Facebook to Test Its Own PayPal Competitor

by Mercator Advisory Group 0

Facebook reportedly plans totest a payments product that would allow consumers to shop on mobile apps usingtheir Facebook log-in information. The social network’s service would put it incompetition with a host of other one-click checkout providers. The test wouldbegin in about a month.

Thrillist-ownedJackThreads, a flash-sale shopping site for young men, is the pilot partner.The company has a strong relationship with Facebook, sees a good chunk ofrevenue come through mobile phone purchases, and may also have a decentdemographic overlap with one particular segment of Facebook users — gamers —who would have provided the social network with credit card information. Itwill be interesting to see if Fab, another close partner of Facebook’s thatdoes well on mobile devices, will follow suit.

The new product, iflaunched widely beyond its current small testing phase, would undoubtedly pitFacebook against digital payments giant PayPal on mobile devices. It would alsocompete with offerings from Google, Amazon and a host of startups such as Braintree,Stripe and Klarna, all up-and-coming outfits who are working, in one way oranother, to make it easier to make purchases on mobile phones. All of thesecompanies, including Facebook, recognize that it can be challenging to easilyenter your payment details on small devices.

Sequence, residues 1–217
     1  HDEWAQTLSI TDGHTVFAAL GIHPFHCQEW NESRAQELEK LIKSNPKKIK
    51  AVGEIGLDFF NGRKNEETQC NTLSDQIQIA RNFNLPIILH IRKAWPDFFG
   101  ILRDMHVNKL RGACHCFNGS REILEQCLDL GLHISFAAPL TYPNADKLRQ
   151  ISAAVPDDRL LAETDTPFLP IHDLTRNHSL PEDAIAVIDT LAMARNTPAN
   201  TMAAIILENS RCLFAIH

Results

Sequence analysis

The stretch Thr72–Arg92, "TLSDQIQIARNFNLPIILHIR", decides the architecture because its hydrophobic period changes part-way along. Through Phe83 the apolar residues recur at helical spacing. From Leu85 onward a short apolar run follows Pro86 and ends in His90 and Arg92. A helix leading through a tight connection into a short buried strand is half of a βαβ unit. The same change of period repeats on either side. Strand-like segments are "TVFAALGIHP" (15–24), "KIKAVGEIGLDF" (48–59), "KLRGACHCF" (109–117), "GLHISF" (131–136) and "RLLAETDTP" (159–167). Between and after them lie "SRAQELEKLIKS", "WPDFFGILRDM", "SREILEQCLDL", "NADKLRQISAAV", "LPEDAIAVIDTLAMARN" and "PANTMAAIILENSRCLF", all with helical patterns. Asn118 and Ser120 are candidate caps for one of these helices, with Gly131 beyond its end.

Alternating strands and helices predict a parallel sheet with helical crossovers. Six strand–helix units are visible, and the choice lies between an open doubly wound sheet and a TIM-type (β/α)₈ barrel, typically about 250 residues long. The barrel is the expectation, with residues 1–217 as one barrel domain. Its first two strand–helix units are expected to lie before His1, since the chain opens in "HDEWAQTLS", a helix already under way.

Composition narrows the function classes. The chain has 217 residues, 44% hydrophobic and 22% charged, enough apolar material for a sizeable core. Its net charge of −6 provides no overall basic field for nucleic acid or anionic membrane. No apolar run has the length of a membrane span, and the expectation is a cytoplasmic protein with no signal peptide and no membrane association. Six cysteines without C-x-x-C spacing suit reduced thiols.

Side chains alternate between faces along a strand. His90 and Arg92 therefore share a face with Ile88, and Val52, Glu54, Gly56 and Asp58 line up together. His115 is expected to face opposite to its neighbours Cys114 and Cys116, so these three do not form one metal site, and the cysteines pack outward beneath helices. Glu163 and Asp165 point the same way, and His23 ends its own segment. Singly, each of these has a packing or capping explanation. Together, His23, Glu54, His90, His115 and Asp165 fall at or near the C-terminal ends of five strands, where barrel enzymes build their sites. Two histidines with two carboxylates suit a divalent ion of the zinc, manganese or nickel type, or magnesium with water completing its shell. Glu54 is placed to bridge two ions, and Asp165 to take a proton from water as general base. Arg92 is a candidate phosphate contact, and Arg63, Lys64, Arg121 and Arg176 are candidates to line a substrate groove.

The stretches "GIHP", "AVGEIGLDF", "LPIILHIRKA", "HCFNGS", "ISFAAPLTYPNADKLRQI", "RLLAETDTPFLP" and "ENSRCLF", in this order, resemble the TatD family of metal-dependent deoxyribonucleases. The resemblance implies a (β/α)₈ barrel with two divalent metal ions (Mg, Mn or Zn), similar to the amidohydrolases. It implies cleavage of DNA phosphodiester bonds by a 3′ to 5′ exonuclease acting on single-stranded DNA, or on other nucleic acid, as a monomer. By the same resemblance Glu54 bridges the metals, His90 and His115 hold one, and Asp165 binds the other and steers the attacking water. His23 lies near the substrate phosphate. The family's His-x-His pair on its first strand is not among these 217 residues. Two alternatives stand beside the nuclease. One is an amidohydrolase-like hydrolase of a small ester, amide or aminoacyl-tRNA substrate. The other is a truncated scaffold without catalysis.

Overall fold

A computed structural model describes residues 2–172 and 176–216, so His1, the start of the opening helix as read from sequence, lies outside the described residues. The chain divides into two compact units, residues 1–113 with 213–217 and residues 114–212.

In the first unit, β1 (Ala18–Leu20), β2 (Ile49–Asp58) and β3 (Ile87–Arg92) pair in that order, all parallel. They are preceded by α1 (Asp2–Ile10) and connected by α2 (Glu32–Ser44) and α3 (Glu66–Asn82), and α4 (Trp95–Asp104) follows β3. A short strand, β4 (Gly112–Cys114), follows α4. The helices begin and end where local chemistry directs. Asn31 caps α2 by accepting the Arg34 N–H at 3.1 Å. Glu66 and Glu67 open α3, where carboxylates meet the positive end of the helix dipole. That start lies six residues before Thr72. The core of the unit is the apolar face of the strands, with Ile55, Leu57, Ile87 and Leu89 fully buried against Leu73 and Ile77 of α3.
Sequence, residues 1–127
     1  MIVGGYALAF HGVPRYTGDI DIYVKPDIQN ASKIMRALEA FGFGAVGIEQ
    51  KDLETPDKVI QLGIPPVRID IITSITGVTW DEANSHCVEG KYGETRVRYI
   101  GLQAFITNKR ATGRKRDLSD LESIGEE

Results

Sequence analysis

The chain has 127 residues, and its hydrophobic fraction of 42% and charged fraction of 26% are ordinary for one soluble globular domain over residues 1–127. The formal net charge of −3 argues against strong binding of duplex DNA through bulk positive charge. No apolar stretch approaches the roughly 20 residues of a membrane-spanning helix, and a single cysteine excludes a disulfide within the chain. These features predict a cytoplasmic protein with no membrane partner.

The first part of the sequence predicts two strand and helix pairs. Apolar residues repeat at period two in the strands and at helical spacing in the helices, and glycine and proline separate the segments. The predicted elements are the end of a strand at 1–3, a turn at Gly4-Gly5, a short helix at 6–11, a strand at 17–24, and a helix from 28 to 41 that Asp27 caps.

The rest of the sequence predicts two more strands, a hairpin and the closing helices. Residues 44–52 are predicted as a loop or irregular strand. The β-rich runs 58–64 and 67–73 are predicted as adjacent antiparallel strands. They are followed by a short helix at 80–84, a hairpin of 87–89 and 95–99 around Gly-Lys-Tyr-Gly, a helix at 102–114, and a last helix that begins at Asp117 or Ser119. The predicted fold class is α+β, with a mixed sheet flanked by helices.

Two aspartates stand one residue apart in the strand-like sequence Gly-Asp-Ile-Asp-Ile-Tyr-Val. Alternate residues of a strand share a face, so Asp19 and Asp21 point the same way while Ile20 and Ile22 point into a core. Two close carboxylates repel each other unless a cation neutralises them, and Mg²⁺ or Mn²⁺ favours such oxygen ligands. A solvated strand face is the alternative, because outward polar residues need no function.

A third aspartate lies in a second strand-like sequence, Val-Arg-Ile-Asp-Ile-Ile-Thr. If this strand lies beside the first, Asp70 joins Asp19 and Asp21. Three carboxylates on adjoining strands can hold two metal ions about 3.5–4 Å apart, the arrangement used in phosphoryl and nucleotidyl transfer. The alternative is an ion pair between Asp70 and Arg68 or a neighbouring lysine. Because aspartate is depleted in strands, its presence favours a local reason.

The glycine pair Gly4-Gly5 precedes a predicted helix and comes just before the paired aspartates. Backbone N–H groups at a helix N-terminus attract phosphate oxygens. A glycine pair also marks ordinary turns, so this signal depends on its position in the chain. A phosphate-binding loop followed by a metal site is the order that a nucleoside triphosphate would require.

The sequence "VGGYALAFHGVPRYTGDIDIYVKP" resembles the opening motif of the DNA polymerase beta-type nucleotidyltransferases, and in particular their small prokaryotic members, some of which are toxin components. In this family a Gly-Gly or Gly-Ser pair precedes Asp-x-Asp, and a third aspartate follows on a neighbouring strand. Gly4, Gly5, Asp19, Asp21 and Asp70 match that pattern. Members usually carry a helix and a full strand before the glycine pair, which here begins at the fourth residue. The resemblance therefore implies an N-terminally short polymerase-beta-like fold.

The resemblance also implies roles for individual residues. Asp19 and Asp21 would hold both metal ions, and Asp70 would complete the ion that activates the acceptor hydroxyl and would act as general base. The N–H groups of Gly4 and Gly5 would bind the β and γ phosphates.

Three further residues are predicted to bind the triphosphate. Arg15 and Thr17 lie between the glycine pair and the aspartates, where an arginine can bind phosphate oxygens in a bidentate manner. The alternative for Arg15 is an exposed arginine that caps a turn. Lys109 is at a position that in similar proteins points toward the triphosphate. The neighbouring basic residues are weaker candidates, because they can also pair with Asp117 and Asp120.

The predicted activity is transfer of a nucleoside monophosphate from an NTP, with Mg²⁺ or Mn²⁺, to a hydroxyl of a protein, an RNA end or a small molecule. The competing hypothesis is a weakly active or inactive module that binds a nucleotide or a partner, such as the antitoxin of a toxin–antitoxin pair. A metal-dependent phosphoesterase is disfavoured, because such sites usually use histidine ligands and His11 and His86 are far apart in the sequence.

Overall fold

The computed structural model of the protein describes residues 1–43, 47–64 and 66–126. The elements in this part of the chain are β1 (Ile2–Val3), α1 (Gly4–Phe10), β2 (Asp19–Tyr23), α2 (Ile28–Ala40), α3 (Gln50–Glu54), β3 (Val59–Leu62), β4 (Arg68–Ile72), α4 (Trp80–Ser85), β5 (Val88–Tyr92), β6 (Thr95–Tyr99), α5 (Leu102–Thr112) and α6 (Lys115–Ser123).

If eventually expanded tomore partners, the product would also potentially give Facebook keen insightinto the shopping habits and preferences of the company’s users, a lucrativeset of data for the world’s largest social network to gather. At the same time,Facebook’s test is, for now, focused solely on creating a better mobilecheckout experience, rather than getting involved in payment processing.

The timing of Facebook’stest comes as the social network in September 2013 will stop supportingFacebook Credits and instead will support local-currency pricing. With itseffort to enable faster checkout for online merchants, Facebook is shifting itsefforts to helping more traditional online merchants, whereas Credits was usedprimarily within apps and for online gaming. Abandoned shopping carts is amajor problem for online merchants, and the easier consumers can get throughthe tedious process of ordering online the more sales will get completed.

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